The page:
August 17, 2005 – Council Fellow Julia E. Sweig, a leading expert on U.S.-Latin American relations, has been named the Nelson and David Rockefeller senior fellow for Latin America Studies and director of the Council’s Latin America Program, Council President Richard N. Haass announced. “Julia was the obvious choice to be the next holder of the Rockefeller Chair,” said Haass.
Sweig is directing a new project on the global phenomenon of anti-Americanism, which will result in a Council book, Friendly Fire: Anti-Americanism Gone Global and What to Do About It (PublicAffairs), to be published next spring. Her book analyzes the historic and contemporary foundations of the recent anti-American backlash, particularly among governments and populations in those countries the United States has long counted among its closest allies.
Since coming to the Council in 1998, Sweig has served as project director of the Andes 2020 Commission, an initiative of the Council’s Center for Preventive Action, which culminated in 2004 with the release of a major new strategy for Colombia and the Andean region. During her stewardship of the Council’s Cuba program she directed and staffed two Council-sponsored Independent Task Forces setting forth new directions for U.S. policy toward Cuba and directed roundtable series on Colombia, Venezuela, Cuba, and other issues in Latin America.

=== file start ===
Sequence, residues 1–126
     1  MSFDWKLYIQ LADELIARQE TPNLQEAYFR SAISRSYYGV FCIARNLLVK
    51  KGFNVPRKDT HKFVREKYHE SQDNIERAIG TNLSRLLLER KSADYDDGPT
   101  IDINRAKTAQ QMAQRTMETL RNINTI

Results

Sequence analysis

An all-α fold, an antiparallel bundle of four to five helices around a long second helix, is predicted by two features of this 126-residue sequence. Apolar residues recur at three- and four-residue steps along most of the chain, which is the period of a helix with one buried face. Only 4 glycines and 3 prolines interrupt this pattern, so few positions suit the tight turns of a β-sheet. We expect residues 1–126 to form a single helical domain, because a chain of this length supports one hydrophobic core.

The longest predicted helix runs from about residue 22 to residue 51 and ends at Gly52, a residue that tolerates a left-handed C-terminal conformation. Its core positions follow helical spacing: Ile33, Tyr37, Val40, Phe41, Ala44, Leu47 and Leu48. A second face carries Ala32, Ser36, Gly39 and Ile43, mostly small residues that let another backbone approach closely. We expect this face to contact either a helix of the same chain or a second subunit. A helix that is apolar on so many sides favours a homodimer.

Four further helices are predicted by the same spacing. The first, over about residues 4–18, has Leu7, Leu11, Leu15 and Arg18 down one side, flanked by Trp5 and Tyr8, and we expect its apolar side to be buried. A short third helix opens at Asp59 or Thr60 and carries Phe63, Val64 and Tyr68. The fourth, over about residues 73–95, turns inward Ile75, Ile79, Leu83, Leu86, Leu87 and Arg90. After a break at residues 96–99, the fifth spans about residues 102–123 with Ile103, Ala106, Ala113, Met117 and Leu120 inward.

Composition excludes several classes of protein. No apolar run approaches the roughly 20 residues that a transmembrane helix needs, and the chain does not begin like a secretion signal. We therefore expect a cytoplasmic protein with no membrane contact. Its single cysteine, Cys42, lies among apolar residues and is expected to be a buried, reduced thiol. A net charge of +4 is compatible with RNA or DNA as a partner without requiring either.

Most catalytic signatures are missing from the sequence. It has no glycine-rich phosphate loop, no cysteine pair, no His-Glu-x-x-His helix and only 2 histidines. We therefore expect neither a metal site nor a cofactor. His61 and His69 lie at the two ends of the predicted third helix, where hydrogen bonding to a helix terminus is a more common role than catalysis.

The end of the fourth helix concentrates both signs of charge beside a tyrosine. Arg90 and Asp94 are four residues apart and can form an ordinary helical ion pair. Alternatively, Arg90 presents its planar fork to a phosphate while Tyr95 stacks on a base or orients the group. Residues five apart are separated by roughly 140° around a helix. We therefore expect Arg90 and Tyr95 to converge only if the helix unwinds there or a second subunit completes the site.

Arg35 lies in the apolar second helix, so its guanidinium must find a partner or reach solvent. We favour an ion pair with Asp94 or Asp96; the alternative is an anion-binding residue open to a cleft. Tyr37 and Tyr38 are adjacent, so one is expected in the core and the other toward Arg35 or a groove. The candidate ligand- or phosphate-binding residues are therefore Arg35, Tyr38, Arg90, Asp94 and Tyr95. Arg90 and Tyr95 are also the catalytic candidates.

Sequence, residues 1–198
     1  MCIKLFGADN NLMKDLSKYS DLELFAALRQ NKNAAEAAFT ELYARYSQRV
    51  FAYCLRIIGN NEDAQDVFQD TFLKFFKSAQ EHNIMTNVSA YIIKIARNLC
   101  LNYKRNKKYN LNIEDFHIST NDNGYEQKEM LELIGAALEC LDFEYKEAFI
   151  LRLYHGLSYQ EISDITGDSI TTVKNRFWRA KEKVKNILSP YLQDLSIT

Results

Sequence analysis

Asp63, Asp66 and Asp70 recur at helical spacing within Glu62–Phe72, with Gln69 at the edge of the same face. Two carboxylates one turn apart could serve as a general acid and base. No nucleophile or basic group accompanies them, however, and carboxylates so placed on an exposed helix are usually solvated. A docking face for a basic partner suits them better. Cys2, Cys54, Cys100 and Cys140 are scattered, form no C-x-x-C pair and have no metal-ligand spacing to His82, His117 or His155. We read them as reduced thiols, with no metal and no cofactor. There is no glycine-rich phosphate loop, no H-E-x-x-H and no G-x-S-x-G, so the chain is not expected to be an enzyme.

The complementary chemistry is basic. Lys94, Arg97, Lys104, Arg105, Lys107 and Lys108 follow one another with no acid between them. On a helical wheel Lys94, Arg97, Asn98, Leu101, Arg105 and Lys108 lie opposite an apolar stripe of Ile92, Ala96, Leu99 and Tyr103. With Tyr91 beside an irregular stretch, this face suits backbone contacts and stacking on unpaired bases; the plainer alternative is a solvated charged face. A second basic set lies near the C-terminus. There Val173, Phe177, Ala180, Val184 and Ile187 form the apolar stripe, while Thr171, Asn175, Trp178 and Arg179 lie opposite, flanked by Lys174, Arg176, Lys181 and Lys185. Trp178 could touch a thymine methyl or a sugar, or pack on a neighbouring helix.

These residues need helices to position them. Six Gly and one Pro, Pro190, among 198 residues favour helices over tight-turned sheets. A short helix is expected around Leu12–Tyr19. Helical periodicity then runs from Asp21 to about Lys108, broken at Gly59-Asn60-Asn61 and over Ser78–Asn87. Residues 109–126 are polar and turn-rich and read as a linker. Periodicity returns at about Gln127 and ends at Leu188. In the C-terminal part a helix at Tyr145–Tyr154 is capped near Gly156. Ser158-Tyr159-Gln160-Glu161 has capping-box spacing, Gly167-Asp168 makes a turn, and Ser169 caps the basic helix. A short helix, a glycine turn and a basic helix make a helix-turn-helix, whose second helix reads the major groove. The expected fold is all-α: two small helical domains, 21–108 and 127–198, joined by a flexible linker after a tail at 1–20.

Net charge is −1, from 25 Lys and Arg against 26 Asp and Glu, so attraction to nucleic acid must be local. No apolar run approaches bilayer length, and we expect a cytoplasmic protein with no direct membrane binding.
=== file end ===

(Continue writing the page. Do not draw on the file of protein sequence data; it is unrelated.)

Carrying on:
Sweig has written extensively on Latin American issues and is the author of numerous scholarly articles, opinion pieces, and congressional testimony on Cuba, Colombia, Venezuela, Latin America, and American foreign policy. Her book Inside the Cuban Revolution: Fidel Castro and the Urban Underground (Harvard University Press) won the2003 American Historical Association’s Herbert Feis Award for best book of the year by an independent scholar.
She holds a B.A. from the University of California and a M.A. and Ph.D. from the Johns Hopkins University School of Advanced International Studies. Sweig also serves on the editorial board of Foreign Affairs en Español.
Created in 1995, the Nelson and David Rockefeller Chair in Latin America Studies honors these two distinguished Americans who influenced the development of U.S. policy in the Western Hemisphere during the past half-century.